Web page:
Wednesday, August 1, 2007

Politically Correct Richard Scarry?

We have always loved Richard Scarry books. I could almost recite Cars, Trucks and Things that Go from memory. I could even tell you where to find gold bug on each page without even having to see it. We read these books all the time. In our house any Richard Scarry book is just called a Busytown book. I often have to tell Ian that I will read him anything but a Busytown book. Sometimes it feels like I read nothing but Busytown some days.

I have found a number of old, editions from the 60's, Richard Scarry books over the years. I got a few on Ebay and I find them on used books shelves every once in awhile. I can't ever pass them up. We love them so much. I have one called What do People Do All Day?. I noticed that in the corner it says abridged edition. I always wondered why they would need to abridge a children's book. A few months back I found an even older copy at a used book store that I noticed wasn't an abridged edition. I took it home and wanted to compare the two books to see what they left out.

It was almost funny that felt like they needed to take stories out. I am sure someone must have complained but it is too bad. They took out some really great stories. They removed the story called "A Mother's work is never done". It just goes through a typical day of a mother who stays home and takes care of the home and kids. She get money from Daddy who earns his living as a painter. This is one of the stories I read as a child. I recognized the illustration of Mommy getting rid of the Octopus brush salesman. I guess this doesn't fit in with the idea that woman need to work outside the home. I like this story. It reminds me of my life. I can relate to Mommy Pig at the end of her day.

One story is about how Huckle cats family takes a plane trip. They are served by a stewadess. Were women offended by this one too?

Another missing story was one about Sergeant Murphy and his busy day as a policemen. He chases a character called Wild Bill Hiccop because he was speeding. Wild bill is has a feather headdressdrives a buffalo mobile. There is a line in the story that says " Who is the wild Indian?" I guess he should have said "who is that native american?".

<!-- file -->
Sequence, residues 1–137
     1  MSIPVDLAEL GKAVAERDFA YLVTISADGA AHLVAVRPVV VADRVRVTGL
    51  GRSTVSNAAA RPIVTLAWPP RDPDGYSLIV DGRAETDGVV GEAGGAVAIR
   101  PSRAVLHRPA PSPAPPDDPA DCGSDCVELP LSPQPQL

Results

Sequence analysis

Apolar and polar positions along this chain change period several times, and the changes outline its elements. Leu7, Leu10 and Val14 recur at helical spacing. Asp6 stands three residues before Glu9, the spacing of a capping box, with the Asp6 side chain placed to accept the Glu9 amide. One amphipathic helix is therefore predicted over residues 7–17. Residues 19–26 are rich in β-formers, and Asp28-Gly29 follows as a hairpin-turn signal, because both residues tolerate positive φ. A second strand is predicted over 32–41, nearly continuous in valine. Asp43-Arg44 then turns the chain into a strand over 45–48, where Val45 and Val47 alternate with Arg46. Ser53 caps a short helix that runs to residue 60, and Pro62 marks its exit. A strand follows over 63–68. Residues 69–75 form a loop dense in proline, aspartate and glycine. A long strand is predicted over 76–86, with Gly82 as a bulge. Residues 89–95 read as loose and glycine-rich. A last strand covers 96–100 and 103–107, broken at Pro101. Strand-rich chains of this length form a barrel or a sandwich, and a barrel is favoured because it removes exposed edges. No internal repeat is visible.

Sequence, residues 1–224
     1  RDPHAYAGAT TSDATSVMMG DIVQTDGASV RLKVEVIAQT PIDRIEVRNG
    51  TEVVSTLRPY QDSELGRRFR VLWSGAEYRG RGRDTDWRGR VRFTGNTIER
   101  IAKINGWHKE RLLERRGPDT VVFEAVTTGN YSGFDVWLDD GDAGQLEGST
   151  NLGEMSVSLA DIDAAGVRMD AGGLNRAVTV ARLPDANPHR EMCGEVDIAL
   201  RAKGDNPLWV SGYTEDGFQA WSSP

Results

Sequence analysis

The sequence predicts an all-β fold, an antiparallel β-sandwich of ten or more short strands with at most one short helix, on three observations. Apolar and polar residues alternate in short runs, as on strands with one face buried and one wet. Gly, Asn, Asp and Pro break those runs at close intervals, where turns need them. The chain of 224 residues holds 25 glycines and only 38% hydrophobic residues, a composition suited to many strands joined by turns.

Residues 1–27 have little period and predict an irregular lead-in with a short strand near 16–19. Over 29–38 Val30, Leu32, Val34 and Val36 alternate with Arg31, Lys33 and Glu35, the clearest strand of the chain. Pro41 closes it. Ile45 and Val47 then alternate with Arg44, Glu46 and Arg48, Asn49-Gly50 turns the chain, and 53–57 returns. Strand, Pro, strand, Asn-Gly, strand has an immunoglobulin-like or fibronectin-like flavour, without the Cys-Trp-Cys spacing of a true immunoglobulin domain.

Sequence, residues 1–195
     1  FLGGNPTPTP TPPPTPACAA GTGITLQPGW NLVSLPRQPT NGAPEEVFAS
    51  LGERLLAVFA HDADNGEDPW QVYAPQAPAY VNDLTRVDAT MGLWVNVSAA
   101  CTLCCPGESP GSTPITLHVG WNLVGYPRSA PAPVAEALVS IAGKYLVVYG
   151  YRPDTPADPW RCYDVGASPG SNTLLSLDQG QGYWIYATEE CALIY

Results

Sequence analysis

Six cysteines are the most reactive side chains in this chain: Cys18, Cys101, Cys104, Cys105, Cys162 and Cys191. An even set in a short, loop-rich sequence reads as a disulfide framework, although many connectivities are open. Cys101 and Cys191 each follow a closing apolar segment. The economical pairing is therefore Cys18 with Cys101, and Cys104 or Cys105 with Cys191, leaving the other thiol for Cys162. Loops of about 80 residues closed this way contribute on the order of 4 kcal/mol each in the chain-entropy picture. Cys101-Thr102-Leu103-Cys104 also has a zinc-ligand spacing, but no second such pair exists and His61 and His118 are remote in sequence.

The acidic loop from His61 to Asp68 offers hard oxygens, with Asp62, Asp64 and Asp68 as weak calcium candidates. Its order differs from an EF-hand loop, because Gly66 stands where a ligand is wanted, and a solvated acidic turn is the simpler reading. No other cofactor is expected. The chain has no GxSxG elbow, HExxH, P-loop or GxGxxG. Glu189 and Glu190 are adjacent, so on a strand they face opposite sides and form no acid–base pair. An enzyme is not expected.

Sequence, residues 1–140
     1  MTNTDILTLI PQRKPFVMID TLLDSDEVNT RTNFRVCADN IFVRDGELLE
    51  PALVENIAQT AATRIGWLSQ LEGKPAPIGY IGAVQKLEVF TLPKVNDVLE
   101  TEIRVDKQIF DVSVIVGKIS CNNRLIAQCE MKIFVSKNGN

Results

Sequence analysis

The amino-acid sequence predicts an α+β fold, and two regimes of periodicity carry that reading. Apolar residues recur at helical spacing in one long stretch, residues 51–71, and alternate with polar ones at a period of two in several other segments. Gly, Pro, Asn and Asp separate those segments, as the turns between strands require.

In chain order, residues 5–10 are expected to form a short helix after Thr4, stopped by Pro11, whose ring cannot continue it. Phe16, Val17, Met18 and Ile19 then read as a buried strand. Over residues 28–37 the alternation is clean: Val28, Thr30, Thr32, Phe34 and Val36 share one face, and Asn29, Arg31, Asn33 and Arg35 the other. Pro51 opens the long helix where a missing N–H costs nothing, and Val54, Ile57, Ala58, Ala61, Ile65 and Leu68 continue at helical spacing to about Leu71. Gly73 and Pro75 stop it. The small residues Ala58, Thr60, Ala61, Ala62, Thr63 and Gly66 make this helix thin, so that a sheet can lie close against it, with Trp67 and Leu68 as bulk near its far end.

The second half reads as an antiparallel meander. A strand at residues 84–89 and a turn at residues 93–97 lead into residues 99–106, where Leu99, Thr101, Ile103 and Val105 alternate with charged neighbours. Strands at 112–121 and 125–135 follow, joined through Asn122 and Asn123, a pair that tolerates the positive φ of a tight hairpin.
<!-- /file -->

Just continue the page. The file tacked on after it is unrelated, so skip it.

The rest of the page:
They also removed the story about how cotton is grown and made into clothing. The cotton is grown by Uncle Eli who is a bunny rabbit. But I guess the Uncle part of his name is what was offensive so they removed the story.

There are two stories that I guess were removed because environmentalists complained. One is about how coal is mined and used to create electricity. The other story is about water and how we use water to make electricity. This one also teaches the water cycle and shows how a windmill helps a farmer irrigate his fields. It also shows how water is made clean for us to drink. It is sad that these two stories were removed. They are great!

I recommend finding an old unabridged edition of this particular Richard Scarry book. There are some really great stories that do teach some good things. We have used them often in our FIAR lessons about coal miners, cotton, and the water cycle. Yes these things can be found in other places but kids love Richard Scarry books. I know I did when I was a kid. My husband remembers many of these books and now I am thrilled that my kids get to read them too.

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